Sequoia and Kings Canyon National Parks Institute Stage 2 Fire Restrictions
Effective July 28, 2014, the parks are in Stage 2 fire restrictions. See link below for more information. These restrictions will remain in place until further notice. More »
Road Construction Delays Begin on Park Roads for 2014 Season
Expect occasional 15-minute to 1-hour delays at various locations in Sequoia and Kings Canyon National Parks beginning Monday, June 2, weekdays only, between 5 a.m.-3 p.m., including delays to/from the General Sherman Tree, Crystal Cave, and Grant Grove. More »
Vehicle Length Limits in Sequoia National Park (if Entering/Exiting Hwy 198)
Planning to see the "Big Trees" in Sequoia National Park? If you enter/exit via Hwy. 198, please pay close attention to vehicle length advisories for your safety and the safety of others. More »
You May Have Trouble Calling Us
We are experiencing technical problems receiving incoming phone calls. We apologize for the inconvenience. Please send us an email to SEKI_Interpretation@nps.gov or check the "More" link for trip-planning information. More »
Giant reed (Arundo donax), also known as arundo, is an aggressive invader of riparian areas, ditches and other wet sites throughout California. It is not well established in Sequoia and Kings Canyon National Parks, but it is a species of special concern. Giant reed seems to have originated in Asia and has spread to southern Europe, the Middle East, Australia, and the Americas. It is considered to be well adapted to extreme fire events, and in fact it seems to promote fire. Arundo has the alarming tendency to displace nearly all native species from the areas which it invades. It is known to take over large portions of low-elevation stream beds and to form dense, very persistent thickets.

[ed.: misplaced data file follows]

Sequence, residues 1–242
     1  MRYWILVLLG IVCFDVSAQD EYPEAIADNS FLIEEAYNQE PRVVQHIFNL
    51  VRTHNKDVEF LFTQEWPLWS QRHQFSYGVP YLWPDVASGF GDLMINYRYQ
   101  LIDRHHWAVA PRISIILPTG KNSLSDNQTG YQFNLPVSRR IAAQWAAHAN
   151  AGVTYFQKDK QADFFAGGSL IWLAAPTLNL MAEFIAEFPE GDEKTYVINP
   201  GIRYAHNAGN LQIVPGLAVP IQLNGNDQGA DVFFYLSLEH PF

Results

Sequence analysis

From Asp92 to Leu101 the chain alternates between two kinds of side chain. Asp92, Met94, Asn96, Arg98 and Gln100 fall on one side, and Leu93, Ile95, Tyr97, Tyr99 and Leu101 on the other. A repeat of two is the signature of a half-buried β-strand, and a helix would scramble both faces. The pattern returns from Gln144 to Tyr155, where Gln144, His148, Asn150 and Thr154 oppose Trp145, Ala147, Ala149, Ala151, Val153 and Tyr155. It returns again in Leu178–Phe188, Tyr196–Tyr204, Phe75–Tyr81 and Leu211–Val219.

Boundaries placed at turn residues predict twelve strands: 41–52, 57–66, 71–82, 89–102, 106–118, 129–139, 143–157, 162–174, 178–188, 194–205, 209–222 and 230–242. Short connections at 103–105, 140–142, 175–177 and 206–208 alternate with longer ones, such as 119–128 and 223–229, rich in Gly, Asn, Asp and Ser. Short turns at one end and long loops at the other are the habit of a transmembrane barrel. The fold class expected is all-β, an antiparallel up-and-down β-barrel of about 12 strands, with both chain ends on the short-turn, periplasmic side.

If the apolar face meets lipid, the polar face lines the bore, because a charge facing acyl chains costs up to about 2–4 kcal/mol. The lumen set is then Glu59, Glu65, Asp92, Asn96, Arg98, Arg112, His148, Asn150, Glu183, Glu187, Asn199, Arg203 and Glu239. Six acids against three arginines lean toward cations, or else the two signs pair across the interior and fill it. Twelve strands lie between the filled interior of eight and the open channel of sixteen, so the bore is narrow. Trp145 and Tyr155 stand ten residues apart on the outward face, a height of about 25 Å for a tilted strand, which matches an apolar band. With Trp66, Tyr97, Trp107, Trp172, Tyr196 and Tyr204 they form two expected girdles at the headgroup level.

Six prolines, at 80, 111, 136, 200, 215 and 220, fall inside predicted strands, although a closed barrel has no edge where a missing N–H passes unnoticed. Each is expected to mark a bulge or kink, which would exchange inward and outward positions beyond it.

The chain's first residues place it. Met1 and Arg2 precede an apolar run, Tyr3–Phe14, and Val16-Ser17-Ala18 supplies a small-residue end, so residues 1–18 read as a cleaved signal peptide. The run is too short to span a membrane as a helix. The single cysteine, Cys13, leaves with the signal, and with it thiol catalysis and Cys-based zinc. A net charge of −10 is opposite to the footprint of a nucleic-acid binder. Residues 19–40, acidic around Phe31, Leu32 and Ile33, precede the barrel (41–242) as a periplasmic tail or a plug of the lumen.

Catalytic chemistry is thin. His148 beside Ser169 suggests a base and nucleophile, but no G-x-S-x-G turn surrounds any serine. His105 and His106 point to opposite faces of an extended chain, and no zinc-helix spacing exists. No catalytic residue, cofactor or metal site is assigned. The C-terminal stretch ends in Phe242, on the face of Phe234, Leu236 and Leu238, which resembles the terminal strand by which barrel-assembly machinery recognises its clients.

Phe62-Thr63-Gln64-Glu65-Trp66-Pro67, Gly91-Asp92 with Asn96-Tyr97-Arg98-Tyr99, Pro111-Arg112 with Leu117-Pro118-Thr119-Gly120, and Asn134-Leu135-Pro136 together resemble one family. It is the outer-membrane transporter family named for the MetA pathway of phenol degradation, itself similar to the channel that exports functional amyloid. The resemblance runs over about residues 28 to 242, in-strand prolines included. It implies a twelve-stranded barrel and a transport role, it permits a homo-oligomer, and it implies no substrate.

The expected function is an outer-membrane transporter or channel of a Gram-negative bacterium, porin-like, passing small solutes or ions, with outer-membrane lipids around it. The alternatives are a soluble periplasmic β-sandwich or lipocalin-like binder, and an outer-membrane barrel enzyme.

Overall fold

Photo by Brother Alfred Brousseau, St. Mary's College
Giant reed is a bamboo-like perennial grass that can grow up to eight meters (25 feet) in height. It has thick creeping rootstocks. The stems are hollow and can reach 4 centimeters (1.6 inches) in diameter. The flower clusters are plume-like, often purplish in color, and can reach 60 centimeters (2 feet) in height. Arundo turns mostly brown in the wintertime, and grows most vigorously in late spring and early summer. Aside from cultivated bamboo, there are no grasses in California that could be mistaken for giant reed.
Giant reed requires a tremendous amount of water to persist. This, coupled with its ability to quickly dominate entire stream channels, makes arundo a particularly pernicious weed in the thirsty state of California. Little is known about arundo's reproductive ability in California. There are no observations of the plant sexually reproducing in this state; it appears to spread to new locations via fragments of stems and rootstocks, especially during flood events.
There are a few small populations known to be in Sequoia National Park. All are in and around the Ash Mountain area. Natural Resource Management Personnel began eradication of this species in 2002.
Did You Know?
The large black areas at the base of many sequoia trees are fire scars. Even though fire may eat into the very heart of a sequoia tree, the tree can survive so long as the fire doesn't kill the living tissue all the way around the tree. Over time, the fire scars gradually heal over and disappear.